Is SBA S.O.L.?

Down but Not Out

It's tempting to throw in the towel and concede that the SBA has outlived its usefulness.

Tempting-but wrong.

The plain fact is there are several compelling reasons to renovate, not junk, the SBA. A high-profile federal government agency provides a solid, steady focal point for small-business issues in a way that disparate nonprofit groups can't. Only a federal agency has the power to create important nationwide programs that can benefit all entrepreneurs, such as channels to enable small businesses to bid on government contracts. The SBA also serves as a valuable advocate for small businesses within the federal government, as it presents issues entrepreneurs care about to Congress, the executive branch and the policy-makers within other agencies.

"We've got to figure out a way to make the SBA more effective," says Scott Hauge, an independent San Francisco insurance agent who has been involved with the SBA at local and national levels. "A lot of small-business people value the advocacy role. You have at least one friend in Washington."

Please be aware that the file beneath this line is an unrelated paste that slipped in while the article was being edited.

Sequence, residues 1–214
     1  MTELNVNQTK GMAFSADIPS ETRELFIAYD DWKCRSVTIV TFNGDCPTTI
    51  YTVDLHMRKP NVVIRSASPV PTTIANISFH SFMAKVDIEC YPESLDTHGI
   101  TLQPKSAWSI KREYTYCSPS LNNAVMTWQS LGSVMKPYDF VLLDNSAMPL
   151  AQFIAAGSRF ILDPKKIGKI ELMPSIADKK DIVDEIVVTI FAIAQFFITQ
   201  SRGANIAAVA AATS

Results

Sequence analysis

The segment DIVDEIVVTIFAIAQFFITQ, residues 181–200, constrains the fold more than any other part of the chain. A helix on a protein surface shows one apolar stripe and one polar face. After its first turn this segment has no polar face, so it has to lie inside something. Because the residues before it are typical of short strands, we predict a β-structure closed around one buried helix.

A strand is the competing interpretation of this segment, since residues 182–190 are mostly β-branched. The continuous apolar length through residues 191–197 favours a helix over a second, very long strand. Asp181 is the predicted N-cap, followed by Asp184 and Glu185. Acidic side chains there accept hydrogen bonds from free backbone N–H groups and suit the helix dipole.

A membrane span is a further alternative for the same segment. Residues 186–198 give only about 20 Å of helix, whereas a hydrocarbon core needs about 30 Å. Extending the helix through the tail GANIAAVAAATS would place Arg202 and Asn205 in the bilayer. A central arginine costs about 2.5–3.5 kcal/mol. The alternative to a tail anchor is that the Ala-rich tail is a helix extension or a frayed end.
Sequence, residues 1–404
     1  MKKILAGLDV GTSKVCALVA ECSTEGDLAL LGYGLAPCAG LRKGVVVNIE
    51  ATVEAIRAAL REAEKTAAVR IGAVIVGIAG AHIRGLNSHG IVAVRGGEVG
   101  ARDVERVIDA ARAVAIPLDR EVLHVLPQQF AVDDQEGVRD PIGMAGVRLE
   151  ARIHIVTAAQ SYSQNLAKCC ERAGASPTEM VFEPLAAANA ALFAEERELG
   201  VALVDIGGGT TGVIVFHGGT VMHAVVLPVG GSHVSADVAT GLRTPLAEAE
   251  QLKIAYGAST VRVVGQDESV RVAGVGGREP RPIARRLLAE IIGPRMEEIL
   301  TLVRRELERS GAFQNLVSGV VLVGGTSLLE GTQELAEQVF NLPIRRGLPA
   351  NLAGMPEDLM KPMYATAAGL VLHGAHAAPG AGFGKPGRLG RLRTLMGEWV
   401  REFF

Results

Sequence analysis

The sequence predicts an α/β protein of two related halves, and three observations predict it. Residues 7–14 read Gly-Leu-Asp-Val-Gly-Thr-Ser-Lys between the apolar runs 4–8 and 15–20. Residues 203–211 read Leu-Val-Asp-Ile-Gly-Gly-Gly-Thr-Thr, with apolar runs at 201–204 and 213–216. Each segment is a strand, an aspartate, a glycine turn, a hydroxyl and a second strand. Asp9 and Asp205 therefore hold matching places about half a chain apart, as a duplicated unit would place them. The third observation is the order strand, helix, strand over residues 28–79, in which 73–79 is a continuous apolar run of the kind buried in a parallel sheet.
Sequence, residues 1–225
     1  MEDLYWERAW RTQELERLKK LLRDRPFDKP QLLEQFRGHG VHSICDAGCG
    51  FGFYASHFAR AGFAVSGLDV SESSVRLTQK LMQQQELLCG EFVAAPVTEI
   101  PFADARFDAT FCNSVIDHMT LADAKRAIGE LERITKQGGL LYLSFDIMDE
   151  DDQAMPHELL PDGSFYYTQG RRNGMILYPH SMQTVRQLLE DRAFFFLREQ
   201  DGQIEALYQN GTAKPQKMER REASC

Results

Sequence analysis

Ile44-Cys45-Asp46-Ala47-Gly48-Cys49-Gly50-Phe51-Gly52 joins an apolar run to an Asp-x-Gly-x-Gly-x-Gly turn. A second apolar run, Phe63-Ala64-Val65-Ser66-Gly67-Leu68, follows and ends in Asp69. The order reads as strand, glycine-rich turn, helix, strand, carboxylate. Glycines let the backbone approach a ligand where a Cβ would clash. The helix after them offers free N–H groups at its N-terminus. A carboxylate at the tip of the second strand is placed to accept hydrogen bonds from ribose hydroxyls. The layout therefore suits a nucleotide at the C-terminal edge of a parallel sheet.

Even critics who would like to see the SBA scaled down and folded into the Department of Commerce concede that the core concept of having a federal office that is the fulcrum for information, advocacy and key programs for small businesses shouldn't be eliminated. The sticking point is determining which information, advocacy efforts and programs really are key to the SBA's reason for being.

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This article was originally published in the October 2001 print edition of Entrepreneur with the headline: Is SBA S.O.L.?.

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